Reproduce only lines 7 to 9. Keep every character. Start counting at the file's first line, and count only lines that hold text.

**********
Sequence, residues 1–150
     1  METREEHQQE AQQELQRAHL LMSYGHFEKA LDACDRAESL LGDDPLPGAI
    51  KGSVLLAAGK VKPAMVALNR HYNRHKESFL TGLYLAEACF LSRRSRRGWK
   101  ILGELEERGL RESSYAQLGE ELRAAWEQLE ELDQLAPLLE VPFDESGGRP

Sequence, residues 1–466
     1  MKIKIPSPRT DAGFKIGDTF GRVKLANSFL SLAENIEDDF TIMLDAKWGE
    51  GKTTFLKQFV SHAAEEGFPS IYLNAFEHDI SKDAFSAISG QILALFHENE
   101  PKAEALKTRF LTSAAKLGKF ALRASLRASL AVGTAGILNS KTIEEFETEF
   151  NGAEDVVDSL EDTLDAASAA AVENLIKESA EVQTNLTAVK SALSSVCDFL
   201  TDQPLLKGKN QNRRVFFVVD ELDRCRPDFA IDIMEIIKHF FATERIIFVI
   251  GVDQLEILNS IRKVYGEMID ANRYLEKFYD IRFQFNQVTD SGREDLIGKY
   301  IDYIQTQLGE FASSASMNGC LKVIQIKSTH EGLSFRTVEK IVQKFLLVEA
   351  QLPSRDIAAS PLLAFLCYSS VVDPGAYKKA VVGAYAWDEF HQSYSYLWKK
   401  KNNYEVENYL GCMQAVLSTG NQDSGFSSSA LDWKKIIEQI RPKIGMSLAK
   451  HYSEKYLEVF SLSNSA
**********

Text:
    51  GKTTFLKQFV SHAAEEGFPS IYLNAFEHDI SKDAFSAISG QILALFHENE
   101  PKAEALKTRF LTSAAKLGKF ALRASLRASL AVGTAGILNS KTIEEFETEF
   151  NGAEDVVDSL EDTLDAASAA AVENLIKESA EVQTNLTAVK SALSSVCDFL